Oil Industry Layoffs Have Begun - and Will Only Get Worse
As the industry slows to a crawl, companies are beginning to announce layoffs. It's a natural by-product of a slowing business environment, but it could come as a rude awakening for thousands of oil industry workers around the country.
Pink Slips Already Handed Out
Some companies are already beginning to lay off workers; public releases put the job losses at 31,000 by late January, a number that will continue to rise sharply throughout 2015.
Energy industry service provider Schlumberger (SLB) has made the most dramatic move, cutting 9,000 workers in anticipation of slowing revenue this year. The company provides a variety of products and services to shale drillers, so as activity slows down, so will its business.
%VIRTUAL-pullquote-More than 1 in 100 of all workers in the U.S. will be directly affected by falling oil prices and slowing production.%Fellow service supplier Halliburton (HAL) announced 1,000 job cuts in December and on a recent conference call said it expected more layoffs in the near future. Baker Hughes, which Halliburton agreed to acquire late last year, just announced 7,000 job cuts, 11 percent of its workforce. By the time the merger closes in late 2015, the combined entity could be significantly smaller than anyone expected. "We will have to make reductions to our structure as any prudent business would," Halliburton CEO Dave Lesar, adding that market conditions are driving the layoffs, not the merger. No matter the reason, when three of the largest oilfield service providers in the country are announcing layoffs by the thousands, it's troubling for the industry.
One reason the picture isn't already worse is that there's a long lag between dropping oil prices and falling employment in parts of the industry. Drillers like Whiting Petroleum (WLL) and Continental Resources (CLR), two of the largest drillers in the Bakken Shale, are still producing oil from wells drilled in 2014 and will still be fracking them in 2015. But if new wells aren't being drilled, there's only so much that can be done before additional workers will go idle later in the year.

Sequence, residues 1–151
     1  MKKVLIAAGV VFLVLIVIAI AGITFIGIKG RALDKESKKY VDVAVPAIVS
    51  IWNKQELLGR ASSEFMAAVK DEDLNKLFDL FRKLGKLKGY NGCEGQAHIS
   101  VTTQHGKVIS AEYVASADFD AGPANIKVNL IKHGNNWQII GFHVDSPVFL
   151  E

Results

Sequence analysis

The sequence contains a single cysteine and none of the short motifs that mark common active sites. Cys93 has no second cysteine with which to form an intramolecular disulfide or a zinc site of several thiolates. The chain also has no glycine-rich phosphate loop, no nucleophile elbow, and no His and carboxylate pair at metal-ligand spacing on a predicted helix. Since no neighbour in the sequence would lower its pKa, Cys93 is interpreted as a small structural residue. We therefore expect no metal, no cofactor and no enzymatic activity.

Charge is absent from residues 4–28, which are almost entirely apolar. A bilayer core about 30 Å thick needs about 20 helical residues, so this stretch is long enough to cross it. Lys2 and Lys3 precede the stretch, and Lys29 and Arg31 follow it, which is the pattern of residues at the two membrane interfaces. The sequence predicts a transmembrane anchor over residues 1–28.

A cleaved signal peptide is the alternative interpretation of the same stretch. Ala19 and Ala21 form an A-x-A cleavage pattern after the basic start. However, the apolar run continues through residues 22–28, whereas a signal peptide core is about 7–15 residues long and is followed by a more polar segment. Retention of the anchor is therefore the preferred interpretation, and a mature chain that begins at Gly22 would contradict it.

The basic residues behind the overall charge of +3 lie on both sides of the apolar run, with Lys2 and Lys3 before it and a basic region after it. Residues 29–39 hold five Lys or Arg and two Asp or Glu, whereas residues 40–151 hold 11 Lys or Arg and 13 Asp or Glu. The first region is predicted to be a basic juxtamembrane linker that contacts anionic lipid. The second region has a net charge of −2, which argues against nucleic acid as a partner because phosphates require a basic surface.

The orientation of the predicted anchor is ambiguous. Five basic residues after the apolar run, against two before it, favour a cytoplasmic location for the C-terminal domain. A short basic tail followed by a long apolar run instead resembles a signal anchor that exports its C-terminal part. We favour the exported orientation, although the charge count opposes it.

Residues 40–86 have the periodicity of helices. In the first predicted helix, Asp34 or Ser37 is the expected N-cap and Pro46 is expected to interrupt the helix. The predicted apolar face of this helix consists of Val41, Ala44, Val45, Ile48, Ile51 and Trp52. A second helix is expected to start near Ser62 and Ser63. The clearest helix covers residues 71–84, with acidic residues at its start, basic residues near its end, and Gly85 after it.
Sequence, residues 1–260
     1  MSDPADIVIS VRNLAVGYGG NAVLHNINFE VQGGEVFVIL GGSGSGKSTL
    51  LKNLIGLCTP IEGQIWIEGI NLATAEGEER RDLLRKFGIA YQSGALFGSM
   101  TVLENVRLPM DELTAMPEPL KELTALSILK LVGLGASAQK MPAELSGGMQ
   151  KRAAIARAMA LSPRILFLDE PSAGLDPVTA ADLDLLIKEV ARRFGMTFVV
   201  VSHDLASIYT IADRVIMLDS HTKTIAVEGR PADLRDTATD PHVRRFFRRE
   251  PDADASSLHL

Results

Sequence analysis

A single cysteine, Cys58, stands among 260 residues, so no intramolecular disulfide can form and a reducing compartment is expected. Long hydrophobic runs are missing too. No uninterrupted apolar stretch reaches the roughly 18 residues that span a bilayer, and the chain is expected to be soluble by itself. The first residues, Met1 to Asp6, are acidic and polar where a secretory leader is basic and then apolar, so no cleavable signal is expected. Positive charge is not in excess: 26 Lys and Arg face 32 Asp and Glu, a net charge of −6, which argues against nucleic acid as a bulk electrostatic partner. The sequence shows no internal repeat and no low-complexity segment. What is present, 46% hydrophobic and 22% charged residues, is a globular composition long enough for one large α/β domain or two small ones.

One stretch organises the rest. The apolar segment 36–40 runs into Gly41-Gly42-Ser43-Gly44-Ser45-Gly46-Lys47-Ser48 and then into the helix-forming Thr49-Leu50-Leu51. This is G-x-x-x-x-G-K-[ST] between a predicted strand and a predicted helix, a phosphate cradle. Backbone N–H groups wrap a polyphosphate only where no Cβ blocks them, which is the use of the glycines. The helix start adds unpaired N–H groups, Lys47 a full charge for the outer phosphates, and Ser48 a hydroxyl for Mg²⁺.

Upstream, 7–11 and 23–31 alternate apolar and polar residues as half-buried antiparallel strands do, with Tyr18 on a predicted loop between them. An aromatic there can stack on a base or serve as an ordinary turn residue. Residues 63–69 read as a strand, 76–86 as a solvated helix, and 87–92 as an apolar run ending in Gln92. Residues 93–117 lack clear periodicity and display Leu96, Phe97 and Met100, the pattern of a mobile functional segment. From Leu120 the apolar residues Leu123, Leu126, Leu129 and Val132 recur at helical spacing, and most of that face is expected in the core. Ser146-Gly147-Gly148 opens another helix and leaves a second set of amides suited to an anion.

With 2.1 million people employed by the energy industry, more than 1 in 100 of all workers in the U.S. will be directly affected by falling oil prices and slowing production. According to the U.S. Bureau of Labor Statistics, 216,000 workers are in oil and gas extraction alone, up from 121,200 in 2004, the last time the price of oil stayed below $50 per barrel for an extended period.
No One Knows Where the Bottom Is
Many industry experts continue to be bullish on the future of oil drilling. T. Boone Pickens and Continental Resources CEO Harold Hamm have been two of the biggest cheerleaders, predicting that the price drop will be temporary. But they have a vested interest in being bullish on oil because that's how they've made their billions. We may actually not be in for an imminent recovery in drilling.
OPEC has decided to maintain its 30-million-barrel-a-day production target, leaving the world oversupplied by 1 million to 2 million barrels a day. Someone will have to cut production to send prices higher. The problem is that Russia, Saudi Arabia and the U.S. combined are expected to produce more oil in 2015 than they did last year. That only makes the situation worse, even if U.S. producers stop drilling new wells.
On the demand side, the U.S. and Europe have both seen oil demand drop slowly over the past decade. China has been the main country propping up global demand, but it's uncertain whether China's economic growth is going to slow down in 2015, as some fear, or continue steady expansion. At the end of the day, China's demand may have more to do with oil prices than most people think.
If oil stays below $50 a barrel, the industry could be in for major cutbacks in 2015, and I wouldn't be surprised to see a handful of highly leveraged oil producers go out of business. At least 31,000 jobs have already disappeared from the energy industry within the last few months, and if the price of oil remains this low, that number will easily top six figures by the end of the year.
This is the boom-and-bust nature of energy in the U.S. It's really good when energy prices are high, but when the market busts, the U.S. oil drilling industry could quickly become a ghost town.
Motley Fool contributor Travis Hoium has no position in any stocks mentioned. The Motley Fool recommends Halliburton. Try any of our Foolish newsletter services free for 30 days. To read about our favorite high-yielding dividend stocks for any investor, check out our free report.